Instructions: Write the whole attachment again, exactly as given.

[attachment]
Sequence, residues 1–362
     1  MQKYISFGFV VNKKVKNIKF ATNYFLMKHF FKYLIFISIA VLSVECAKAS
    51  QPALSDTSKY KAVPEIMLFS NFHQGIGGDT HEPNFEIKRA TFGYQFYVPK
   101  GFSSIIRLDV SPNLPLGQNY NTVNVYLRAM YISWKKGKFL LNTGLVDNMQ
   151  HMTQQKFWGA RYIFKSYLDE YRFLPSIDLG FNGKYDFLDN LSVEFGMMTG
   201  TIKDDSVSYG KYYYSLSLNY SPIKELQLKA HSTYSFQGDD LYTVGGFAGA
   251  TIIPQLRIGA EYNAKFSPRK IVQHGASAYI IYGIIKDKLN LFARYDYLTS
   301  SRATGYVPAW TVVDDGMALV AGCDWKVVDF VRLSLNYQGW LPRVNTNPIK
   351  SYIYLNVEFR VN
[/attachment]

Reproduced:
Sequence, residues 1–362
     1  MQKYISFGFV VNKKVKNIKF ATNYFLMKHF FKYLIFISIA VLSVECAKAS
    51  QPALSDTSKY KAVPEIMLFS NFHQGIGGDT HEPNFEIKRA TFGYQFYVPK
   101  GFSSIIRLDV SPNLPLGQNY NTVNVYLRAM YISWKKGKFL LNTGLVDNMQ
   151  HMTQQKFWGA RYIFKSYLDE YRFLPSIDLG FNGKYDFLDN LSVEFGMMTG
   201  TIKDDSVSYG KYYYSLSLNY SPIKELQLKA HSTYSFQGDD LYTVGGFAGA
   251  TIIPQLRIGA EYNAKFSPRK IVQHGASAYI IYGIIKDKLN LFARYDYLTS
   301  SRATGYVPAW TVVDDGMALV AGCDWKVVDF VRLSLNYQGW LPRVNTNPIK
   351  SYIYLNVEFR VN